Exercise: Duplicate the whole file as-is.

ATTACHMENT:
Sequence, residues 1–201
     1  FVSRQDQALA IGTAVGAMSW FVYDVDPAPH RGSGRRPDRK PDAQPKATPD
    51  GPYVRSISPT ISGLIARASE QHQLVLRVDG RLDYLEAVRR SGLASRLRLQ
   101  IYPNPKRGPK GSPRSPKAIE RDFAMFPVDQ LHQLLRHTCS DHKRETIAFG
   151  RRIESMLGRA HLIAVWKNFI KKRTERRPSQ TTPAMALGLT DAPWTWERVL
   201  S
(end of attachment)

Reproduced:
Sequence, residues 1–201
     1  FVSRQDQALA IGTAVGAMSW FVYDVDPAPH RGSGRRPDRK PDAQPKATPD
    51  GPYVRSISPT ISGLIARASE QHQLVLRVDG RLDYLEAVRR SGLASRLRLQ
   101  IYPNPKRGPK GSPRSPKAIE RDFAMFPVDQ LHQLLRHTCS DHKRETIAFG
   151  RRIESMLGRA HLIAVWKNFI KKRTERRPSQ TTPAMALGLT DAPWTWERVL
   201  S